12 comments on “Hole in the Wall: Pupuseria El Salvador, Logan, UT

  1. Ryan says:

    There’s a Mexican/Salvadorean place in a tiny strip mall in Gaithersburg, MD called Acajutla. My first experience with pupusas was there and I seek them out regularly. Good stuff (and super cheap).

    Now I’m after pupusas for dinner :)

  2. Keith says:

    I’m finding Salvadoran restaurants showing up more frequently; many are disguised as Mexican places, but you’ll know they’re Salvadoran when you get there and papusas are on the menu. Tamales are usually the best too at these places.

    I’ve introduced many co-workers to papusa at some local little places just like this. I love hole-in-the-wall restaurants and I regularly eat lunch at a few places in my town that a lot of folks shy away from – probably because they’re not in a less “ethnic” part of town and aren’t advertised during the Super Bowl.

    I’ll always love Grub Grade’s review of chain restaurants and fast food so it’s something I can actually try (or avoid) in my local area, but this is a good one.

  3. rob says:

    The large sign saying “In God We Trust” is kind of scary, I would prefer “In Modern Sanitation Practices We Trust.”

  4. SkippyMom says:

    Oh, I miss my Eddie’s. It is a place in Arlington VA [not called Eddie's but that was the gentleman who owned it] and it was a little corner Salvadoran grocery. Eddie and his family ran it and the pride was so evident – and they are the friendliest people I have ever met.

    The food was spectacular and so, so, so fresh – made out of kitchen about as big as a small walk in closet. Heck, the whole grocery is about as big my living room.

    Their pupusas are fabulous – and they make their sauce fresh every day, which is great because depending on which person makes it you aren’t sure how spicy or mild it will be.

    They are still there, I am sure, but since my husband no longer works in Arlington we haven’t been in a few years, but I have NO doubt they would welcome us back as old friends and a warm, yummy pupusa.

    Thanks for the memories – I could’ve written tons more [like about their imported glass bottled pepsi's and the fresh chicken] but it’s your blog :wink:

    Thank you Adam.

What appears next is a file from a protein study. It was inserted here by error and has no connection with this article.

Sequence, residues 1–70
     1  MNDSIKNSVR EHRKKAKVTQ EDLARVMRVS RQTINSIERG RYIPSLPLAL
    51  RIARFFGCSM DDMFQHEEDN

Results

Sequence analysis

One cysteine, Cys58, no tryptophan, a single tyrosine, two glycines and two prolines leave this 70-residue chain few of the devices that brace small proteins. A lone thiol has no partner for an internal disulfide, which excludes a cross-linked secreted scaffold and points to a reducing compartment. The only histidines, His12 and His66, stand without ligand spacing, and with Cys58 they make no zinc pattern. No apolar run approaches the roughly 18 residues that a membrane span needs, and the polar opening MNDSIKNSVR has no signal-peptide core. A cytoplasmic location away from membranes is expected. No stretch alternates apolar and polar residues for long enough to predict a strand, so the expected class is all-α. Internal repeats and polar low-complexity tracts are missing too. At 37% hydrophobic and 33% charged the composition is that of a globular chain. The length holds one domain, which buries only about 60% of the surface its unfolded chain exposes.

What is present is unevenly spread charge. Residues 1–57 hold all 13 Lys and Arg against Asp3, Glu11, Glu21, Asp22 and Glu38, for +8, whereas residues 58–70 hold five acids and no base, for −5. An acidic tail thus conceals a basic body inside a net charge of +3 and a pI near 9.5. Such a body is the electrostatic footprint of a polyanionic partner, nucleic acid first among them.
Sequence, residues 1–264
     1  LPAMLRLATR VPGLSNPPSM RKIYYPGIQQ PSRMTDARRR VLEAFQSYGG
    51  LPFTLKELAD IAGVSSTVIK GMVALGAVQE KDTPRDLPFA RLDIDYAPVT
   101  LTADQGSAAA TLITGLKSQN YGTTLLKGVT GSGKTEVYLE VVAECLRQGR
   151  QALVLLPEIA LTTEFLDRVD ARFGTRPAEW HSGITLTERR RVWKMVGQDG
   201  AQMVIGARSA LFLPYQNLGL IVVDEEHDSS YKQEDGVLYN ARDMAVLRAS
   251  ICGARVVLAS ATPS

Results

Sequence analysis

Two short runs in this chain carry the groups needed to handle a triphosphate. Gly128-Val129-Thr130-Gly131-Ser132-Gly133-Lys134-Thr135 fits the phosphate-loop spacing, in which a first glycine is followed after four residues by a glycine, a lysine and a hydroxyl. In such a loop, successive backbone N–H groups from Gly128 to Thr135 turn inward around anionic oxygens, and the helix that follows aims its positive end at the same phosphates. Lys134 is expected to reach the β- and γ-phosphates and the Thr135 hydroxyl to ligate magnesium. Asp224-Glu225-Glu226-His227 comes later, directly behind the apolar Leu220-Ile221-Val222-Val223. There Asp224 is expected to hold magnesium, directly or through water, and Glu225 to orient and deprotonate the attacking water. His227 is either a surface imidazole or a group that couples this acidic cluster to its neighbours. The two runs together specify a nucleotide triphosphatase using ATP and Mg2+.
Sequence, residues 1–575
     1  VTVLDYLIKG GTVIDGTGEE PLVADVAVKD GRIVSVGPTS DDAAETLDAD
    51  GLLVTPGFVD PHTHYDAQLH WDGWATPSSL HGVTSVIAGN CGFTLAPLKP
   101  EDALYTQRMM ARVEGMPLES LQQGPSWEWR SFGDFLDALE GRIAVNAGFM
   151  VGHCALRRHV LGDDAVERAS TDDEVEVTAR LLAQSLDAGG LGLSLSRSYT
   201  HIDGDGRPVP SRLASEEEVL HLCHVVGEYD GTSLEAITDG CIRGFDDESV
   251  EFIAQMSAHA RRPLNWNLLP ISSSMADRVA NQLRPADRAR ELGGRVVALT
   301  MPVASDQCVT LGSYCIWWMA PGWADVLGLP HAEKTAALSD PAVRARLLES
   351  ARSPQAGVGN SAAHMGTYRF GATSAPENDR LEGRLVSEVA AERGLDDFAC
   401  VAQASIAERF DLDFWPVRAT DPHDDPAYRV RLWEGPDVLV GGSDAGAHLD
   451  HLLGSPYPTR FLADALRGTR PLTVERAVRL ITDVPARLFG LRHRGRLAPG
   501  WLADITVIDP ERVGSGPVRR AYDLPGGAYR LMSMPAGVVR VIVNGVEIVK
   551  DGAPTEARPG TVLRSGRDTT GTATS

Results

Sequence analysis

5. SkippyMom says:

    PS – sorry – I have a few verb tenses going on in that comment. lol

  6. Q says:

    Ah, I love having the occasional pupusa. I always pronounce it wrong despite knowing the spelling to the bemused confusion of my order taker. I keep saying, “Pu-pas-sah.” I really don’t know why.

    I just describe them to people as flattened, fried tamales with slightly different fillings such as cheese and what not.

  7. Jack Reynolds says:

    Love those Salvadoran pupusas. The masa is light and custardy as compared to denser Mexican tamales. Depending on the restaurant, Salvadoran pupusas also have tasty extras in them like chick peas and green olives.

  8. Jack Reynolds says:

    Love those Salvadoran tamales. The masa is light and custardy as compared to denser Mexican tamales. Depending on the restaurant, Salvadoran pupusas also have tasty extras in them like chick peas and green olives.

  9. Jack Reynolds says:

    I meant *Salvadoran tamales.

  10. Jesse says:

    I’ve always found pupusas kind of bland, but they’re an okay diversion once in a while.

    And I’m pretty sure the pork paste is made of ground pork skin (pork rinds). As that’s what chicharón is.

  11. Sara Froelich says:

    I love the food from this place! The first time I had their food was at the farmer’s market in Logan where they had their own food tent set up. The pupusas were new to me, and were absolutely delicious. The vinegary cabbage slaw mix was a great accompaniment to the pupusas (and that is saying something, since I do not like cabbage), and the rice and beans were some of the best ones that I have had from a restaurant outside of the hole-in-the-wall Cuban joints in Florida (where I am originally from). My husband and father-in-law (who are also from Florida) share the same opinion of the food. If you are looking for REAL Latin American food, this is a great choice.